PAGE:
On the way, I began calling everywhere looking for him.  He didn't answer his cell phone.  I called at his work and was told he hadn't come in nor had he called in.  That's when I knew something was wrong.  I knew I had to tell my children.  I made the calls.  They both came home and waited with me.  At about 11:00 pm Thursday night, my husband came home.  He acted surprised to see us all waiting for him.

My daughter was crying and he seemed confused as to why she would be crying.  She told him she was afraid that he had done what Uncle did. 

He assured her he would never do that to her or to the rest of us.  He loved us and would never put us through that.  Appeased, she and my son left to go back to their homes. 

At this point, my husband and I went out on the porch and started talking.  He revealed a lot of what he was feeling to me that night including a lot of changes going on at work with the new administration, his feelings about the death of his brother and mother, and how quiet the house was since our children had left.  But, he assured me that he never entertained any thoughts of taking his own life and never would.  But he did admit that he was deeply depressed and couldn't snap out of it.

It was at this point that I realized how depressed he was and that he needed help.  I told him we needed to go see a doctor.  He agreed with me and told me I needed to get to sleep as I had a big day at work as my boss was retiring and we were having a big luncheon for her.  He promised me he would call the doctor the first thing in the morning and make an appointment for us to go in and see him.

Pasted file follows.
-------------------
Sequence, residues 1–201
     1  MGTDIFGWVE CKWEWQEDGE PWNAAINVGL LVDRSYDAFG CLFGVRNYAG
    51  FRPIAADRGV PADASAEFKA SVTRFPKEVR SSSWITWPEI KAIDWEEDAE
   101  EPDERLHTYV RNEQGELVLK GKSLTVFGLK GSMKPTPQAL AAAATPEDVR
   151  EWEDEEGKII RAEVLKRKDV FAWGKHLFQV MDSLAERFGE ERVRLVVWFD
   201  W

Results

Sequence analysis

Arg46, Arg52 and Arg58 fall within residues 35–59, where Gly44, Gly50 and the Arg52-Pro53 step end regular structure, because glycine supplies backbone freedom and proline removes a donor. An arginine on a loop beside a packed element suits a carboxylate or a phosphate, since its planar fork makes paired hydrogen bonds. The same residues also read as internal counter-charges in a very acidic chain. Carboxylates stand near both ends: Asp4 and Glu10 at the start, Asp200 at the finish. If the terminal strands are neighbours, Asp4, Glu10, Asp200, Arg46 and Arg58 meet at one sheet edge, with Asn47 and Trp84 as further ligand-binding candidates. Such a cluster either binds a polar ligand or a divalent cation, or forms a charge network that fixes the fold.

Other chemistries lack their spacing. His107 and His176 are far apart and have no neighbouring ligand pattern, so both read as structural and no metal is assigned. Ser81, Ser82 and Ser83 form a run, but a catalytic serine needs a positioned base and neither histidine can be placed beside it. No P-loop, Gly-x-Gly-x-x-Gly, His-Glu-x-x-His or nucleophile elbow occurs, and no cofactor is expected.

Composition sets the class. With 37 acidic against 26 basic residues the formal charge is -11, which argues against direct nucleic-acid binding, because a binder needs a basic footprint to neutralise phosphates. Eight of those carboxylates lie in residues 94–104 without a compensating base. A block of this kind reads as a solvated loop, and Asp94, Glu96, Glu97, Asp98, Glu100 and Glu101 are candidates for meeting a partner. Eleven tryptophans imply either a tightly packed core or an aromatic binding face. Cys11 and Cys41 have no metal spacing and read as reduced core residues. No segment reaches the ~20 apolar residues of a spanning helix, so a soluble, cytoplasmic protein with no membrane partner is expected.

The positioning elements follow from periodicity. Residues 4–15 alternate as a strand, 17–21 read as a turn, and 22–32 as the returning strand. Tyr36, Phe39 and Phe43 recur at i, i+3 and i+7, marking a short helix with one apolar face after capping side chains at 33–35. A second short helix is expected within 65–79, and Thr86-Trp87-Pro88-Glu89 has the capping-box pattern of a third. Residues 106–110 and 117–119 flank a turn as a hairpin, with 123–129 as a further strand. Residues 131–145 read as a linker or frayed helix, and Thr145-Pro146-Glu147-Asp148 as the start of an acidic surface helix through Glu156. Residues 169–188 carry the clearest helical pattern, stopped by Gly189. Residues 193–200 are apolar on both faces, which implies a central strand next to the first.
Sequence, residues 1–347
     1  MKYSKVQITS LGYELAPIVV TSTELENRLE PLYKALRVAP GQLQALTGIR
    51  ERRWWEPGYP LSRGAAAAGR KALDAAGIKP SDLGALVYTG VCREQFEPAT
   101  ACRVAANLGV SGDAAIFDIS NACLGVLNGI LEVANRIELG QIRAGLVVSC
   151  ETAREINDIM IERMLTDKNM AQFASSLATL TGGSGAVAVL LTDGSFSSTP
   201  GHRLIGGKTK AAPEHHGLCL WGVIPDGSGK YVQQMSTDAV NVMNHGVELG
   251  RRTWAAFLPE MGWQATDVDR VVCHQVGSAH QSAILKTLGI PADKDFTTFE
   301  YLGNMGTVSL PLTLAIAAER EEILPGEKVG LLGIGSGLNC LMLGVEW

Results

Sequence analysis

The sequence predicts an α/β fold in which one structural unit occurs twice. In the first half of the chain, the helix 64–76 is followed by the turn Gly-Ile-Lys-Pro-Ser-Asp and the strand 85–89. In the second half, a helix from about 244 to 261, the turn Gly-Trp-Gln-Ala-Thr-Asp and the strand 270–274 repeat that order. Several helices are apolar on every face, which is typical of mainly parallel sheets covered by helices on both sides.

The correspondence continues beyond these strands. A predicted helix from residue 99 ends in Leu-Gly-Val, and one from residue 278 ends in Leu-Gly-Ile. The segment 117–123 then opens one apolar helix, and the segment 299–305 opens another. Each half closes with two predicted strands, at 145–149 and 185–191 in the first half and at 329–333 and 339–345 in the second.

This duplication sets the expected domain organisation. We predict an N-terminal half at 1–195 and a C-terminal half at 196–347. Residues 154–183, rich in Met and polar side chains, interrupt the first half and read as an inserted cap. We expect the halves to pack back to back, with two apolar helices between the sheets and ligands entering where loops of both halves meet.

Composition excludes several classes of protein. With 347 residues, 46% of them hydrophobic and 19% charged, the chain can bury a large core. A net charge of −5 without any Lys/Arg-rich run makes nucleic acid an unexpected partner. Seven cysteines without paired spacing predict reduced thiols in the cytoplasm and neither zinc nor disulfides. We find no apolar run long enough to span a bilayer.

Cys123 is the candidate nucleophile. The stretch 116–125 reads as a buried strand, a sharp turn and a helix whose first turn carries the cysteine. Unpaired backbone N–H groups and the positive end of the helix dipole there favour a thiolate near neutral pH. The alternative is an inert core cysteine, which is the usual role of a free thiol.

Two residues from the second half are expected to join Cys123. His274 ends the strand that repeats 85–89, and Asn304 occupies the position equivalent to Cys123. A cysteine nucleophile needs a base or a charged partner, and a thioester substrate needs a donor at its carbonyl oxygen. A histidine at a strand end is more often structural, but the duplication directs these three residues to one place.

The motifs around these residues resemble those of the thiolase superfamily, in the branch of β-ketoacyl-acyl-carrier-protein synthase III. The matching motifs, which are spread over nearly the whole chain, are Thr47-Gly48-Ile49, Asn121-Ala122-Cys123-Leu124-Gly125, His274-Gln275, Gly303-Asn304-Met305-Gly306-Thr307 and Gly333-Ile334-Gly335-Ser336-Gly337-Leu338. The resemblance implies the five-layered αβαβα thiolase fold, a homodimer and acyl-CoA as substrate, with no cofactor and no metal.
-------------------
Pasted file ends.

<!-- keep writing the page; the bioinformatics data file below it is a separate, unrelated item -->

I went to bed and left him up watching TV and playing with our dog.  When I got up the next morning, he wasn't in bed.  This wasn't unusual as he often fell asleep on the couch because he was up and down so much during the night.  I didn't think anything about it and got in the shower to get ready for work. 

When I came into the den, expecting to find him asleep on the couch, he wasn't there.  And, our dog that follows my husband everywhere was in the den.  That is when I realized that something was wrong.  I went through the house calling for him and then I went outside and that's when I found him.

He had taken a gun that I didn't know he had, gotten in his car, put the gun to his head, and pulled the trigger. 

The devastation his suicide left behind for his family, friends, colleagues, and community was something I wish no one would ever have to experience. 

The following days were a blur.  Family and friends surrounded me with their love and support.  With this love and support and my faith in God, I made it through the funeral.

At this point, I must say, that fear of the future was staring me in the face.  I didn't know which way to turn. I was totally lost. 

Several weeks following my husband's death my funeral director's grief counselor came to see me.  She brought with her a folder with all kinds of pamphlets about suicide.   It was from these pamphlets that I learned about the Survivors of Suicide meetings sponsored by Hospice.  While attending one of these meetings I was invited to attend the "Remembering, Healing and Growing Conference" sponsored by the Kentucky Department of Mental Health and Mental Retardation and the Kentucky Suicide Prevention Group, which was held in conjunction with the National Suicide Survivors Day.  

I am determined that I will do everything that I can to keep even one person from going through what I went through during and after the suicide of my husband. I have vowed to speak openly about suicide and its effect on me, my family and my friends and to be there for anyone that needs me. Suicide is one of the most preventable deaths there is.  So why isn't more being done to prevent it?  We have to remember that most suicidal people don't really want to die—they just want the pain to go away.  We also have to remember that "Suicide is Everybody's Business" and we all need to get involved to prevent even one more suicide.